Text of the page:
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Ahmed Masad Alzaidi, Ranin Mohammad Masarit , Bayan Naser Bugis , Elaf Mohammed Taha Fakeih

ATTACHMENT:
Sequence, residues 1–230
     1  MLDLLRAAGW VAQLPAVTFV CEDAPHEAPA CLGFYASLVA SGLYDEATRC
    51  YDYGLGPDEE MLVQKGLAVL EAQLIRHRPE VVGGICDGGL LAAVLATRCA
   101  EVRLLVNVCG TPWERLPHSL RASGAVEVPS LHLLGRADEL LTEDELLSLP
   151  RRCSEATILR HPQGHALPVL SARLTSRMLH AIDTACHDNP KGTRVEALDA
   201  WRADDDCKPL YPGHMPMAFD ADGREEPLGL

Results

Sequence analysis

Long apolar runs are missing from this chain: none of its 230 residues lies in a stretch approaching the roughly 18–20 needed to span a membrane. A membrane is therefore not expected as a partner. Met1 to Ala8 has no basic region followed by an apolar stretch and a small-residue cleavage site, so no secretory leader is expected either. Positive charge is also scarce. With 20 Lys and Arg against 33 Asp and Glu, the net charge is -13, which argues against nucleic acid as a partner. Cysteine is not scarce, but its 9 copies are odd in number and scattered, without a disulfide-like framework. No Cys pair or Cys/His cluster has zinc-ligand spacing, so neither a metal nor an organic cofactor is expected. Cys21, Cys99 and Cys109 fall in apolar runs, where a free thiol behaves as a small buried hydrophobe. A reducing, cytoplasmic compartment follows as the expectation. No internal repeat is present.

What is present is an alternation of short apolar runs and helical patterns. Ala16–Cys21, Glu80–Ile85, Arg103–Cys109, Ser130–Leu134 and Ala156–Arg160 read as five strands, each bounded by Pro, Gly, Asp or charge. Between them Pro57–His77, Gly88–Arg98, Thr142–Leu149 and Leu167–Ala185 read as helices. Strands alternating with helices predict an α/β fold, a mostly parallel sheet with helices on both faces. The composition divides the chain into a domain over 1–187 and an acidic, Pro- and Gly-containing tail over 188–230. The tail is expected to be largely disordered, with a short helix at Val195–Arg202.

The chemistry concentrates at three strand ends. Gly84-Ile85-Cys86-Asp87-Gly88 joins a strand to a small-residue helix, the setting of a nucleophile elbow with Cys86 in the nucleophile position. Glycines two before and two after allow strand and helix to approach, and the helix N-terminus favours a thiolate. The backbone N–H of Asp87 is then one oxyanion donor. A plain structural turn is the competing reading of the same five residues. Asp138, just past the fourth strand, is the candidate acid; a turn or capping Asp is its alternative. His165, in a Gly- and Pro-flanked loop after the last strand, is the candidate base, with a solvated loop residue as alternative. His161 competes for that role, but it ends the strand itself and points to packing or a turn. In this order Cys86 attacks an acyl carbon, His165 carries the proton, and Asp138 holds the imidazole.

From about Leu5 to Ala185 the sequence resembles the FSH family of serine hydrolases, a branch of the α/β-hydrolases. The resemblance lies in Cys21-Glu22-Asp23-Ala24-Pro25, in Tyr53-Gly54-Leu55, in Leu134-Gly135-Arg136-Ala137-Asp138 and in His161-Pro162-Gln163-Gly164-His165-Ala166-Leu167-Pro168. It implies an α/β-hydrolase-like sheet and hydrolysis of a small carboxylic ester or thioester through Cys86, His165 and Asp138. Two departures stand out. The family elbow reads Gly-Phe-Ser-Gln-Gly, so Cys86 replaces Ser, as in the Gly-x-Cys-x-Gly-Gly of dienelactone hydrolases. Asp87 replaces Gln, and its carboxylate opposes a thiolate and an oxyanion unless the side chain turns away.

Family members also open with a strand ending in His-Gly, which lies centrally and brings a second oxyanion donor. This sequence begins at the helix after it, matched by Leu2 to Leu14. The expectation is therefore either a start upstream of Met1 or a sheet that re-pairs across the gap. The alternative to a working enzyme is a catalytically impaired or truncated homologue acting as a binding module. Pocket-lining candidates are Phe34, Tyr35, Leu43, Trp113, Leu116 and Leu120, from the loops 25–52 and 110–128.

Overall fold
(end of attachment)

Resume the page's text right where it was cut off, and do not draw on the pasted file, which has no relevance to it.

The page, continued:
Background: Epistaxis is the most common ear, nose and throat complaint presenting to an emergency department worldwide, which is defined as a bleeding from inside the nose or nasal cavity. A vast majority of these patients settle with simple standard first aid measures. Objective: The aim of this study was to evaluate knowledge and attitude regarding first aid management of epistaxis among health-related specialties students in Saudi Arabia. Methods: A descriptive cross-sectional study was undertaken among medical specialties students in Saudi Arabia. Data were collected using an online questionnaire tool, with sum of 24 questions. Results: Data was collected from 314 medical specialties students between January and October 2018 by using questionnaires, which were filled electronically. 205 (65.3%) were male and 109 (34.7%) were female. Their age ranged between 18 and 26 years with a mean of 21.71±1.56 years. Only 131 (41.7%) had received a first aid provider certificate. The medical students were the most respondents (52.2%) while (47.8%) were other medical specialties. Majority of the respondents were forth year students. 167(83.1%) respondents said that a nosebleed couldn’t be stopped after 10 to 20 minutes of direct pressure is one of the commonest causes to seek for emergency care. The commonest first aid measures reported to be known by respondents when the patients get shocked, were Pinching the nose (86.3%), Nasal packing (78.9%), Putting the patient in supine position with the head lowered (59.8%), giving Anti shock treatment (56.6%) and Putting the patient in supine position with the head backward (42.3%).Regarding the attitude toward the first aid management of epistaxis. The majority (39.4%) of the respondents demonstrate the correct position which is holding the head forward rather than backward. 61.5% of respondents demonstrated the correct site for pinching the nose (soft part), While 38.5% of the respondents demonstrated the incorrect site (bony part). The main source of the respondents’ knowledge regarding first aid management of epistaxis was Medical Curriculum (31.2%) followed by the Self-taught (23.2%). Conclusion: The level of Knowledge and attitude regarding first aid management of epistaxis was good among most of the students. Health related specialties students have adequate knowledge on the standard first aid measures of epistaxis. Keywords: Epistaxis, First Aid, Health Related Specialties Students.


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